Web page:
Preventing injuries in childhoodBMJ 1994; 308 doi: https://doi.org/10.1136/bmj.308.6940.1312 (Published 21 May 1994) Cite this as: BMJ 1994;308:1312
- R Smith,
- I B Pless
What is the leading cause of death among children and adolescents? Not AIDS, not cancer or diabetes, not cystic fibrosis or heart disease, and certainly not meningitis. For most countries in the developed world, and increasingly in the developing world as well, about one half of all deaths after the first year of life are due to injuries - unintentional and intentional. In Britain in 1990 injuries caused a quarter of deaths in those aged 1-4, more than a third in those aged 5-14, and three of every five deaths in those aged 15-19. Many people - professional and lay - are astonished by these figures.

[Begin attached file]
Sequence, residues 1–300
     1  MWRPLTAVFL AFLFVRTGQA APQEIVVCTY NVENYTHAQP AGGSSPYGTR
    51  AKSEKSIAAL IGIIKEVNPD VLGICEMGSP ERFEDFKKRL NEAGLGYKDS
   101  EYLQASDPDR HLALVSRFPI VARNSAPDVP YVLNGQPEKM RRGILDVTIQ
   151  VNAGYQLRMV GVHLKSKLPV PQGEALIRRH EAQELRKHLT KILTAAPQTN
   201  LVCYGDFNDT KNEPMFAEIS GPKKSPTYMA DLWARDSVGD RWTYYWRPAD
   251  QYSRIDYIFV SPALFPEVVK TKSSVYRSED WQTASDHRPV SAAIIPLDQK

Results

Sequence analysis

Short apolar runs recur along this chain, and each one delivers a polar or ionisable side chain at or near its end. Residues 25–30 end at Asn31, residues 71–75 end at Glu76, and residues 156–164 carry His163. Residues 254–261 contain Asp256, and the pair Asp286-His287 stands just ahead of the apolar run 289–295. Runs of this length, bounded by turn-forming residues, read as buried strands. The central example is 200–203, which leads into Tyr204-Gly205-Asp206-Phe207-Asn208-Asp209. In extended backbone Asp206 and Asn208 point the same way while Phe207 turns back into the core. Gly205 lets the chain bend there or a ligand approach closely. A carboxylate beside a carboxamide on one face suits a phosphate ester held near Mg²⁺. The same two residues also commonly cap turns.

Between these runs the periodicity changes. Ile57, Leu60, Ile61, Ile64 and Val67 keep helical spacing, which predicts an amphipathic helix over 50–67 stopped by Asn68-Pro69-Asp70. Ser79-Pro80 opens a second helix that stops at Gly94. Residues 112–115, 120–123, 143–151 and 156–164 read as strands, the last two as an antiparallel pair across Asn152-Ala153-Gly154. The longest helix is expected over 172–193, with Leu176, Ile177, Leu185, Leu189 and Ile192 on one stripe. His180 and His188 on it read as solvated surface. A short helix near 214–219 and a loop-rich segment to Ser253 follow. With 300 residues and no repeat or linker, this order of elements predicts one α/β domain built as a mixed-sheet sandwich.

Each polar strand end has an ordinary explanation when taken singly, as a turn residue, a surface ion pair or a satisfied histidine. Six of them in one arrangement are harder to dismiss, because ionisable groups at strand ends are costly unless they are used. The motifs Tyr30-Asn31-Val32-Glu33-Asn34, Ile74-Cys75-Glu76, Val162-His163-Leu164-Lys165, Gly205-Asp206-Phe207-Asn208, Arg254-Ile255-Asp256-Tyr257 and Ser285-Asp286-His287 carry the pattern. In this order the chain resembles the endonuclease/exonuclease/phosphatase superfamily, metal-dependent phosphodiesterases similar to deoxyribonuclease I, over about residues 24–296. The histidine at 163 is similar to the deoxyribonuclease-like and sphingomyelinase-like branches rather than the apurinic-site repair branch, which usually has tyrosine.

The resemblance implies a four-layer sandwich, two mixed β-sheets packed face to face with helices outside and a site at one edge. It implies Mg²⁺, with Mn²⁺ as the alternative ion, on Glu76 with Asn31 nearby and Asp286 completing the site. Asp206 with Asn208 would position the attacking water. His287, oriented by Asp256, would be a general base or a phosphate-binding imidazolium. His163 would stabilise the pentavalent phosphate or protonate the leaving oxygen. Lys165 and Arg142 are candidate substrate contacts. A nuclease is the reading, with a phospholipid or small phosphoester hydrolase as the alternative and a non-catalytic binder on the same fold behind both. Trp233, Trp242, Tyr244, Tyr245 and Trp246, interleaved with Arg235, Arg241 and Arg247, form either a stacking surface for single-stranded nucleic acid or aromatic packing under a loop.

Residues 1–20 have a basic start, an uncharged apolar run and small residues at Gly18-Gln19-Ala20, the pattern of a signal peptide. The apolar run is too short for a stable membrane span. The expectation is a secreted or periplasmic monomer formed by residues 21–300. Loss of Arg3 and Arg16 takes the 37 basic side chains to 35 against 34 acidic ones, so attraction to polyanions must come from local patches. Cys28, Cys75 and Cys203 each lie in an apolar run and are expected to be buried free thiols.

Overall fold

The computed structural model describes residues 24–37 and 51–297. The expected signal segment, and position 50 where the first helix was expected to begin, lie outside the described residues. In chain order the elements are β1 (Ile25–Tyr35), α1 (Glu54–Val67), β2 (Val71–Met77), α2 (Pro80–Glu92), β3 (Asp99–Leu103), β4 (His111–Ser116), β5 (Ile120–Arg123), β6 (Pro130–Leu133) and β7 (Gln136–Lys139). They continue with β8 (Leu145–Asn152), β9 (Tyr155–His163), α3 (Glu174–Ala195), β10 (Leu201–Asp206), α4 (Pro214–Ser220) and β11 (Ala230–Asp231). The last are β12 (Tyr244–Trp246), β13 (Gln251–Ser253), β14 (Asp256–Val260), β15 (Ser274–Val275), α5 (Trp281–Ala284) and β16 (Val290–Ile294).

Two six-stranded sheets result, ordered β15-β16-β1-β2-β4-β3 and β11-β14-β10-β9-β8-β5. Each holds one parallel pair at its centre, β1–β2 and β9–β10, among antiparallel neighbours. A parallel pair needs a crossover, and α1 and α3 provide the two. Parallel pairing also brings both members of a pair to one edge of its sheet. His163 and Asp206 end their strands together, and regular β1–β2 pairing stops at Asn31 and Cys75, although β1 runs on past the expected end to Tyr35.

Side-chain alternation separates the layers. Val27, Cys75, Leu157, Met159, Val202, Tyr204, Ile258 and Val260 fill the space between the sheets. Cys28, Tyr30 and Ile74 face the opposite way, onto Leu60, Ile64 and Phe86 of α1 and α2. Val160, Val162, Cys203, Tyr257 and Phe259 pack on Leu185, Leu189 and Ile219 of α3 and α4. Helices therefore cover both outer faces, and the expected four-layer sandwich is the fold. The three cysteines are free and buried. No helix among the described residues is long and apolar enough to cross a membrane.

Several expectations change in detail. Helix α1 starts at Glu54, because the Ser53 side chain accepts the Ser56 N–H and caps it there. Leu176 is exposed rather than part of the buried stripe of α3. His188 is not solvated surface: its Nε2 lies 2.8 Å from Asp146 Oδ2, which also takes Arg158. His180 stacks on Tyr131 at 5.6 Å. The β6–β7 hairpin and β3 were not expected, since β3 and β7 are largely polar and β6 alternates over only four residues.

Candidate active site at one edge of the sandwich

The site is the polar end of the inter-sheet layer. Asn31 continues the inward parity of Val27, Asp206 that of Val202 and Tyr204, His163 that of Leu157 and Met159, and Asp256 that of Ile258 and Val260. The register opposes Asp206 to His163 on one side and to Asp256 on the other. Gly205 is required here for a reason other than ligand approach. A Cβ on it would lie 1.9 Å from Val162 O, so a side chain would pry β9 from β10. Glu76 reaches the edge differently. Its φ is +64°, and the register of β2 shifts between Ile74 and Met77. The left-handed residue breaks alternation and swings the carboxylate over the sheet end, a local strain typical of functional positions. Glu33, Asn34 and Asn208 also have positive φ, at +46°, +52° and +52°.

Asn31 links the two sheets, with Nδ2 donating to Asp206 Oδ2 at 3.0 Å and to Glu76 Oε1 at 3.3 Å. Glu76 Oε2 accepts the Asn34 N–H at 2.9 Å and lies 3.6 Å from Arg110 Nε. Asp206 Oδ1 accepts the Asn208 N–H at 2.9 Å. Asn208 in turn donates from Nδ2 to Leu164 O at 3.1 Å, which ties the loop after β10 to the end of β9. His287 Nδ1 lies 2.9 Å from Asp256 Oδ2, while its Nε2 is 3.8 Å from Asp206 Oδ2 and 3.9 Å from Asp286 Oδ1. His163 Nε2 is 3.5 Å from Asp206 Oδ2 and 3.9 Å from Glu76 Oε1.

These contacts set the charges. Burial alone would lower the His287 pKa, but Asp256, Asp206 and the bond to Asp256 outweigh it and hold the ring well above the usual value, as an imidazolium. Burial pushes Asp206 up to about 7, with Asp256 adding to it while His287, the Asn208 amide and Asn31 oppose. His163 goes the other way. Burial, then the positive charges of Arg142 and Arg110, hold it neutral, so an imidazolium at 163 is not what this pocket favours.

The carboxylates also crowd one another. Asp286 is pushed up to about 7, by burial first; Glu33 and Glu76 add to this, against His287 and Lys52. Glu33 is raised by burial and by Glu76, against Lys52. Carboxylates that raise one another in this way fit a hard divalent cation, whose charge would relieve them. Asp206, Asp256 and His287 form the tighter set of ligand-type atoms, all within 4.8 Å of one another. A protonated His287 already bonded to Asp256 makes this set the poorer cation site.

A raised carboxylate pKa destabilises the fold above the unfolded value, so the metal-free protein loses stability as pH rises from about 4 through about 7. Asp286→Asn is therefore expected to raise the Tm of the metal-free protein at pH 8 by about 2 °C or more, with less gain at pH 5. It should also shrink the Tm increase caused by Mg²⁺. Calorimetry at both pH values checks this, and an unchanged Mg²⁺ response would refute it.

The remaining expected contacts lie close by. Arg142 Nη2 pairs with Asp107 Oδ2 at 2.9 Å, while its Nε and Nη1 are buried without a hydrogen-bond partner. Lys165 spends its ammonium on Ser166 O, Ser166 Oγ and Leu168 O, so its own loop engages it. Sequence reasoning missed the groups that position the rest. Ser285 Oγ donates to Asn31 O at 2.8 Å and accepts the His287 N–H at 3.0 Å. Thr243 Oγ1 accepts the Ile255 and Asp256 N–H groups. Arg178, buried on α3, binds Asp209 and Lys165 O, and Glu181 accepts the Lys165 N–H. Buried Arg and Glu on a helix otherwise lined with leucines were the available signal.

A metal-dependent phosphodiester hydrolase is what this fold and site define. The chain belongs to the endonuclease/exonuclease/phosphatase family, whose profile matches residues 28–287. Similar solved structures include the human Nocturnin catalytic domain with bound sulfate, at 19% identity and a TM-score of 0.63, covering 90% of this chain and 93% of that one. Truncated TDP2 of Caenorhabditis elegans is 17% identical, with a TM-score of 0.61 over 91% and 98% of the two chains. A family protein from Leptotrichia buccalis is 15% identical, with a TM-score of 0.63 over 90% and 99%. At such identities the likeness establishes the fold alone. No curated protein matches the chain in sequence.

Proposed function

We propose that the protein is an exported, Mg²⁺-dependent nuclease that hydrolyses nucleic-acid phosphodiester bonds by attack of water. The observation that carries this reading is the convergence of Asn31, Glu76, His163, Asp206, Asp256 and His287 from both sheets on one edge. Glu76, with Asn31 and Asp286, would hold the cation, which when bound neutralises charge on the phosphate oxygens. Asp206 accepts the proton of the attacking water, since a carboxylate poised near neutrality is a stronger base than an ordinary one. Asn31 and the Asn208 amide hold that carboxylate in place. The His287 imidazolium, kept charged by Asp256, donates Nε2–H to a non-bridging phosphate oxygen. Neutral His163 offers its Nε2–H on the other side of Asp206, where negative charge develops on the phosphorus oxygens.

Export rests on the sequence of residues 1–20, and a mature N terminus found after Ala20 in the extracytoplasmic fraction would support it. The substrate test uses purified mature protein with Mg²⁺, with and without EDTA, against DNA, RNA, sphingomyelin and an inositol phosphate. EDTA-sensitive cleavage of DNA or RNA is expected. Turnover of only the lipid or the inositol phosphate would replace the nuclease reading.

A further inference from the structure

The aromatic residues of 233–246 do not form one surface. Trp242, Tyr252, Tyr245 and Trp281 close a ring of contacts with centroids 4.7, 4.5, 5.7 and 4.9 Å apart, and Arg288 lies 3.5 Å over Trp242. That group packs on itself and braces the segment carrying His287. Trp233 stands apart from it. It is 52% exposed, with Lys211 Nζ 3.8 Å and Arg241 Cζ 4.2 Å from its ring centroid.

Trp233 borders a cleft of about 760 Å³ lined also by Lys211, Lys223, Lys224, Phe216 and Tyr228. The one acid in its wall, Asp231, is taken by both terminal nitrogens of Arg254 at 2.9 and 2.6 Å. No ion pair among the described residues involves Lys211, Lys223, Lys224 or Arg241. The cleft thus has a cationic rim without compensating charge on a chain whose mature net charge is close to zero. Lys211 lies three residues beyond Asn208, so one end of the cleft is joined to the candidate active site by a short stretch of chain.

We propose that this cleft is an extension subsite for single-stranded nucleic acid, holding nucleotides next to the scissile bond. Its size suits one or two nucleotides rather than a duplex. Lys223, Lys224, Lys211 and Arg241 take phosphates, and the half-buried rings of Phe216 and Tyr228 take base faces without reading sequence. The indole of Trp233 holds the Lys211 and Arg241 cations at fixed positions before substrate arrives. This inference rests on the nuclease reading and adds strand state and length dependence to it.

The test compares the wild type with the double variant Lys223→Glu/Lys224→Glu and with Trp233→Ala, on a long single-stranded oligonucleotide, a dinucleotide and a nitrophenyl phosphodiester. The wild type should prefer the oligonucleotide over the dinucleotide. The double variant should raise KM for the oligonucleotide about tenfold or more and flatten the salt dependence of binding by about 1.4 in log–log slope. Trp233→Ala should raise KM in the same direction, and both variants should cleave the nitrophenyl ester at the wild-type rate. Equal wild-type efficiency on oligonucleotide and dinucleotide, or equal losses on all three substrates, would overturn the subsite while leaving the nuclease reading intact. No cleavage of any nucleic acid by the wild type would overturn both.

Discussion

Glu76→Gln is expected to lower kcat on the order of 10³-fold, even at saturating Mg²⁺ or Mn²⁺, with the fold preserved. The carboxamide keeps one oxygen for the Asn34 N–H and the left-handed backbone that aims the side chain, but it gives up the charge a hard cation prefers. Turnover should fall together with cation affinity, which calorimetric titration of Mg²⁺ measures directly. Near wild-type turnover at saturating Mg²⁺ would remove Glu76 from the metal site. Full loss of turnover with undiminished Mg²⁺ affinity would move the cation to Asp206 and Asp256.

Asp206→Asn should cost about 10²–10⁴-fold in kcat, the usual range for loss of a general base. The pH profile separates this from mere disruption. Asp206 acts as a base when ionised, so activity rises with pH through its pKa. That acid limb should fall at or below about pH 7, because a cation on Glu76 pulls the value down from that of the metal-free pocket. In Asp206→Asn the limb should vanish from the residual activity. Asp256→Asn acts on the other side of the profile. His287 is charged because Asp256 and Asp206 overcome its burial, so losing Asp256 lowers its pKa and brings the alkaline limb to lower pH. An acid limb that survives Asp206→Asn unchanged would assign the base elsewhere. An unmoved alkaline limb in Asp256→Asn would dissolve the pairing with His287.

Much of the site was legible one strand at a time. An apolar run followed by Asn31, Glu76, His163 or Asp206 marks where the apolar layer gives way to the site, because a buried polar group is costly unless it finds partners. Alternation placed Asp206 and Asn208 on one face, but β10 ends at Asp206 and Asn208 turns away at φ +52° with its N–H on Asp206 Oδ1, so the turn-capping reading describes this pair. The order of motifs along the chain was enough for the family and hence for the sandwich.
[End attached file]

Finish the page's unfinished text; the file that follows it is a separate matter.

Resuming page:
Despite the frequency, and often serious medical and psychological consequences, of injuries, scientific reports about them are not often found in medical journals. Instead, reports are scattered in numerous other publications, many of them non-medical. While this is understandable given the varied disciplines that make important contributions to …
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